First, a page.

The Malaysian Attorney-General Tan Sri Mohamed Apandi Ali has lodged a police report against Raja Petra Kamarudin (RPK) (pic) over the blogger’s recent articles accusing the AG of corruption.
“I am seriously going to sue and am consulting my lawyer friends in the United Kingdom. This is nothing but fake news done with evil intention,” the AG had said on Oct 22.
Apandi Ali is furious and has started the proceedings to sue the blogger who was once a prominent opposition figure but has since then allied to the BN camp.
“It is all rubbish and highly defamatory. I intend to sue the writer till kingdom come,” the top prosecutor said in the article entitled Strong Rumours Surrounding the AG: Part 1 published in Raja Petra’s blog on Friday.
The Malaysian Prime Minister Najib Razak has called his coalition and the people surrounding him as the ‘family’, and this would include the people defending him on all grounds, bloggers, and officers alike.
But as time passes, the more divisions is seen splitting the ‘family’ right in the middle.
Apandi and Raja Petra were seen as defenders of Najib in the deeply troubling 1MDB case, a case both claimed were settled.
But Raja Petra is not in his first outburst against someone from Najib’s power play. He ranted against officials of the Ministry of Finance, indicating there was a gaping wound in the blind support to Najib.
Then came the Asia Sentinel article claiming that Najib’s pandora’s box is now open, with a Malay Hydra unleashed. One that Najib cannot control, it said.
And the award-winning portal (blocked in Malaysia) was referring to the Sultans of Malaysia, who may have broken open that pandora’s box, in their expression of concerns against the rise of ‘Islamic’ extremism in the country – remember the ‘dirty Chinese laundry’ episode.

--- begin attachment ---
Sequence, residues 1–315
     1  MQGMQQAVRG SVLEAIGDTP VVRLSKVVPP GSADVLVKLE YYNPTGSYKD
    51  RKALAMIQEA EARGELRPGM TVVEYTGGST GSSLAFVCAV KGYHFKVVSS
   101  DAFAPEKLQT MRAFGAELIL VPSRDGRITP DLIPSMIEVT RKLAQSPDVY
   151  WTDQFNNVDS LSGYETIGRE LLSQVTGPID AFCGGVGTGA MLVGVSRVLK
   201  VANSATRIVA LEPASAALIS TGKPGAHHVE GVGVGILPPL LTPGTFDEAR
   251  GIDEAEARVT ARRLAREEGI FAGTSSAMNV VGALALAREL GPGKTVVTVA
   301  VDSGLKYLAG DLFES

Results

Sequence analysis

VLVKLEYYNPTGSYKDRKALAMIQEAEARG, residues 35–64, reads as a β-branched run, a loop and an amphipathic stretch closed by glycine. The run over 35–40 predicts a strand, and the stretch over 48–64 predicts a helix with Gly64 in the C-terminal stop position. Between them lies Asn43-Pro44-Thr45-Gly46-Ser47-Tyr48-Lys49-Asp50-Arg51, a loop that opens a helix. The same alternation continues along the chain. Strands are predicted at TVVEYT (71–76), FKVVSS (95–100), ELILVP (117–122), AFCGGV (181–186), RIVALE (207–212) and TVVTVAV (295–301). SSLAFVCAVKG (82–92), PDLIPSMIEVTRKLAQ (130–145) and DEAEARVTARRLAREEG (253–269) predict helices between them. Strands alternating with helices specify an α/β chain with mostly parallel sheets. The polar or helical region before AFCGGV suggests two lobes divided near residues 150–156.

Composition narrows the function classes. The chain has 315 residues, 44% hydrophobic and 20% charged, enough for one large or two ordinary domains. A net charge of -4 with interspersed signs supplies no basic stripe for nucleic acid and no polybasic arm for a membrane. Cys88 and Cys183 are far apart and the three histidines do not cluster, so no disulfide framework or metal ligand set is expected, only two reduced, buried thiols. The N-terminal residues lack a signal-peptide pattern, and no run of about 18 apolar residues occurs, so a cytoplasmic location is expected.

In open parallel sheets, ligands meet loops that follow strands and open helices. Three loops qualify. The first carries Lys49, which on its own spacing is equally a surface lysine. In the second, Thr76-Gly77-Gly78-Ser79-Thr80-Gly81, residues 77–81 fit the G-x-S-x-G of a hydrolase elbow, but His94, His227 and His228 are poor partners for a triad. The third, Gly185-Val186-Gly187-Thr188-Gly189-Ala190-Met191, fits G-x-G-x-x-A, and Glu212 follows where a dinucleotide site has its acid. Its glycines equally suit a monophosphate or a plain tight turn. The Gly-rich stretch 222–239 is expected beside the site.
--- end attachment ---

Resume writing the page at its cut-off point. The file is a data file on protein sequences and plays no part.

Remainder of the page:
Asia Sentinel claims there is now a growing rivalry between the country’s nine religiously moderate sultans and its conservative mullahs – Islamists who have joined the ruling Umno – vying for the attention of ethnic Malay Muslims.
Political and social observers believe that if the controversy is left unchecked, it could undermine the position of the corruption-scarred prime minister, Najib Abdul Razak, said the Sentinel.
“Anyone who thinks that this battle royal is just another religious incident that will soon blow over is wrong.”
“Najib knows that clipping the religious preachers’ wings would seriously erode his powerbase, but he is caught in a dilemma of his own making.”
“Rural, feudal Malays are making it crucial that Najib’s political future be determined by his ability to conciliate the royal households and the demands of the power-hungry, conservative Islamic clerics whom he has fostered. Najib has unleashed a hydra which he may be unable to control,” wrote the Sentinel.
PAS with high flying hopes
But it is the PAS anxiety that its prized ‘Hudud’ look-alike bill. Known as “Hadi’s Bill” (Hadi Awang is the leader of the PAS), it is also known as “RUU355”.
It is aimed at amending the Syariah Courts (Criminal Jurisdiction) Act 1965, or Act 355.
The PAS is not sure whether the bill will be put to vote in the current session of the Parliament. This session seems exclusively oriented towards urgent government matters, and of course, the Budget 2018.
Sources told TISG the bill will not be read in the current session and that it will have to wait after the general elections next year.